Pruning that takes away the things that are dead, pruning that takes away the things that slow the rest of the plant down, pruning that prevents new, beautiful, sweet life from blooming and being productive.
According to today’s scripture, it is Jesus, as the true vine, that we all get to abide in; it is Jesus as the true vine that we get to bear much fruit.
This notion of abiding in Jesus makes me recall a fact about the wine industry. In the 19th Century, the European wine industry was almost wiped out.
Their grapes were being eradicated by a tiny louse called phylloxera. This louse had emigrated from America and proceeded to feast on the roots of the European grapevines, wiping out vineyards across the continent.
To this day there is no known remedy to protect the vines from phylloxera.
What saved them; what offered them healing? Grafting vines onto rootstocks of American species that were louse resistant.
This practice continues to today. The fruit bearing part of the plant is able to maintain its own distinct character, but its roots are of someplace else.
Perhaps we can say the same of Christians. That we each bear our own unique mark, personality traits, physical appearances and cultural uniqueness, but our foundation, our roots, comes not from this world, but from Jesus Christ.
Last week we celebrated the Greek word “sozo”, meaning how Jesus is able to save and Jesus is able to heal.
Using this vine imagery presented in John, we also say the same.
That we are each a branch; we each have the ability to produce much fruit. But that as branches, we are susceptible to the louses of our day and circumstance.
What are those louses? We can call them sins, we can call them mistakes, we can call them transgressions, historical particularities, and personality perpetrators.
We all have them. We always will. It’s the nature of being human; it’s the reality of being imperfect.
These louses, these things that nibble on us, that cause us to be unwell or to produce rotten fruit can be many things:
Anger, resentment, the shoulda-coulda-wouldas, the replaying of the past, the set-ups for future fails, the inability to see or speak the truth.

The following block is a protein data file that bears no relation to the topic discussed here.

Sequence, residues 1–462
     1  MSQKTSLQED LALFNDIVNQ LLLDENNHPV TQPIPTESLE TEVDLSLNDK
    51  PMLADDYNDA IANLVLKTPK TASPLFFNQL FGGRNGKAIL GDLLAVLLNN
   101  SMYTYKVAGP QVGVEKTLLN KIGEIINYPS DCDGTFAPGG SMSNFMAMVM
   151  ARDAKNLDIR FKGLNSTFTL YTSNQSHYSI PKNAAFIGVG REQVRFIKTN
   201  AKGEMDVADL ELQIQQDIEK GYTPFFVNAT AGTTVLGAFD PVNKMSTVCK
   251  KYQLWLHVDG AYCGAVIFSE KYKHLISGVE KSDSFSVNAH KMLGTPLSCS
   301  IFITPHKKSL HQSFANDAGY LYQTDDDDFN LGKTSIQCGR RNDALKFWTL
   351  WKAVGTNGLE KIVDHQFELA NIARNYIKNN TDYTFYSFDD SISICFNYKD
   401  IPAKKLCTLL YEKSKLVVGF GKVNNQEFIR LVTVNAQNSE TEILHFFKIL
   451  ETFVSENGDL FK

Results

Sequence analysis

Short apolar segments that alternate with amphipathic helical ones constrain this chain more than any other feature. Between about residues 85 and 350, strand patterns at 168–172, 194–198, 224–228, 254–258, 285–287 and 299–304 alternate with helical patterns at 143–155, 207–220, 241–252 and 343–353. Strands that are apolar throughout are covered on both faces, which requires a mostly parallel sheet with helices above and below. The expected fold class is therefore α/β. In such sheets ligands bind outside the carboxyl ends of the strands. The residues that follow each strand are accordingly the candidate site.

Many are the louses that can eat away, destroy, wipe out what is good in us and what is able to produce much fruit.
Are we helpless to these louses? Are we permanent victims to these things that eat away our branches and tear apart our leaves?
Because we are not separate. We are not alone. We are united; we are grafted onto Christ, the true vine.
And Jesus is resistant to all these things.
Emotions and actions like rage, resentment, regret have no power over the resurrected Lord. Christ is resistant to them; Christ is able to stand up to whatever these louses may attempt to do.
Also, here’s something else- thanks to the event of the Resurrection, Jesus is eternal. Jesus is ever present. Jesus is always there.
What this means is that Jesus is not limited to space, time, circumstance, person or situation.
Jesus is the vine that is always there; above you, below you, beside you, within you.
Which means regardless if you are in New York, Minneapolis, St. Louis, Grand Rapids or Florida, you abide in Jesus the true vine and Jesus abides in you.
Which means regardless if you live in the house you were born in, or a college dorm, or an army barracks, or your 1st apartment in which the shower doesn’t work, or your dream home or a retirement community, you abide in Jesus the true vine and Jesus abides in you.
Which means that regardless of your siblings, classmates, dating partners, military comrades, spouse, children or great-grand children, you abide in Jesus the true vine and Jesus abides in you.
When we realize this, when we embrace this, we become a little less restless. We become more restful; more content.
As such, we get to strike root, grow a bit more, and welcome the opportunities to be pruned: to let go, to get rid of, to gladly lose the leaves that have yellowed or the branches that’ve been damaged by the louses of life.
In doing so, we become vines that are happy to seek nourishment, to seek the rain, to seek out the sun, to be thankful for good soil.
In Christ, we abide; in Christ we find a home; in Christ we bear fruit.
Fruit that tastes sweet of justice, fruit that tastes sweet of peace, fruit that tastes sweet of joy.
Fruit that tastes sweet of love that’s not phony or enabling, fruit that tastes sweet of honest welcome, fruit that tastes sweet of forgiveness, grace and compassion.
In Christ, we are each a branch of a heavenly vine that encourages us to grow ripe, that empowers us to let go, that encourages us to deal with what is alive, and empowers us to thrive, thrive, thrive.
In the Resurrected Christ we experience “sozo”: we are saved and we are healed from the louses that try to destroy our fruit, that try to stop our bloom.
In the Resurrected Christ, we have been grafted on the healthiest of vines. In Christ we have found our roots grounded in the best possible soil.
Amen and amen.